A confidential study of the Baltimore Police Department's homicide unit, whose detectives make arrests in less than half the city's slayings, blames the failings on poor supervision and antipathy between detectives and prosecutors. The stinging analysis lists a variety of internal problems that include rotating out experienced investigators, substandard equipment and inadequate staffing of crucial support personnel, such as laboratory technicians and clerks. From broken tape recorders to case folders that are in "abysmal condition -- that is, when they can be located," the report portrays a dysfunctional unit whose detectives are responsible for investigating the most serious of offenses.
NEWS
By JENNIFER MCMENAMIN and JENNIFER MCMENAMIN,SUN REPORTER | January 17, 2006
Responding to allegations of corruption in a district station house, Baltimore's police commissioner said yesterday that he is committed to restoring the "internal integrity" of the department and has begun implementing safeguards aimed at keeping officers honest. Commissioner Leonard D. Hamm, speaking publicly for the first time about the arrest and suspension of several officers from the "flex squad" in the city's Southwestern District, said he has reinstated procedures that were in use when he left the Police Department in 1996 but were later eliminated.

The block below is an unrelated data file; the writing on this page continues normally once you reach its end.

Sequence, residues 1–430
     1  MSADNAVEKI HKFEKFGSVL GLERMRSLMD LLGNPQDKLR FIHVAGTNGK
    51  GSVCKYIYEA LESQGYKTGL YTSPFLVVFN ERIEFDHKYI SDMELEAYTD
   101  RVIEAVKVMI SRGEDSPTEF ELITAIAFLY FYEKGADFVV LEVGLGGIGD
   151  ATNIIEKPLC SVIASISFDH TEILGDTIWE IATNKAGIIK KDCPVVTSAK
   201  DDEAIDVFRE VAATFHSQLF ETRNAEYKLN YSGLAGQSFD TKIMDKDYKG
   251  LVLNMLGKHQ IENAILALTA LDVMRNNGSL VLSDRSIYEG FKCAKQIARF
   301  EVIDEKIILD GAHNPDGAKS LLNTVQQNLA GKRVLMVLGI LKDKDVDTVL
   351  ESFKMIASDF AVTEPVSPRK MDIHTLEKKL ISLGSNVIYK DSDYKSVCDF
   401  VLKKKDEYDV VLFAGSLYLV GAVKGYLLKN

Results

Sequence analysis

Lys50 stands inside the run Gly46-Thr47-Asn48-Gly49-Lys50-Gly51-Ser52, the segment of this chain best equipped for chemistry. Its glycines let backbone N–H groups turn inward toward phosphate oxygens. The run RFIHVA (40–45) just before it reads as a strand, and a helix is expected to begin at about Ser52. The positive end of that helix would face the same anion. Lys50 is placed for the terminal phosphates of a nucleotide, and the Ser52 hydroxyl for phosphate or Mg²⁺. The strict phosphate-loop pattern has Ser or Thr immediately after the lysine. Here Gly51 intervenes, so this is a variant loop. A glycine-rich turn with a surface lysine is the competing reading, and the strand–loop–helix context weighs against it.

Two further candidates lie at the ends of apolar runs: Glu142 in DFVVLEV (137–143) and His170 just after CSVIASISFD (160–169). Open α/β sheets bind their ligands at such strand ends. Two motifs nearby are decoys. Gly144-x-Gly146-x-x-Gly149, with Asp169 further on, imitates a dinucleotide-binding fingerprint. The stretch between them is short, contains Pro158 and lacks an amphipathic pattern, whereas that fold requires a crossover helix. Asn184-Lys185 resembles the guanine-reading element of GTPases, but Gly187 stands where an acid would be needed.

NEWS
By Jim Haner and Jim Haner,Sun Staff Writer | February 9, 1994
Thomas C. Frazier, Baltimore's new police chief, promised yesterday reforms to revive the troubled department -- including creating an intelligence unit, beefing up street patrols and adding investigators to the depleted sex-crimes unit."
NEWS
By Richard H.P. Sia and Richard H.P. Sia,Washington Bureau of The Sun | September 12, 1990
WASHINGTON -- The U.S. military buildup in the Persian Gulf, already well in excess of 100,000 personnel, will continue indefinitely and may lead to a larger, more permanent commitment of American forces to the region than first anticipated, Defense Secretary Dick Cheney said yesterday.Mr. Cheney, testifying on Capitol Hill for the first time since U.S. forces began moving to the region Aug. 7, said the added cost of Operation Desert Shield would be about $15 billion for the fiscal year beginning Oct. 1 -- more than $1 billion a month if the crisis continues for the entire year.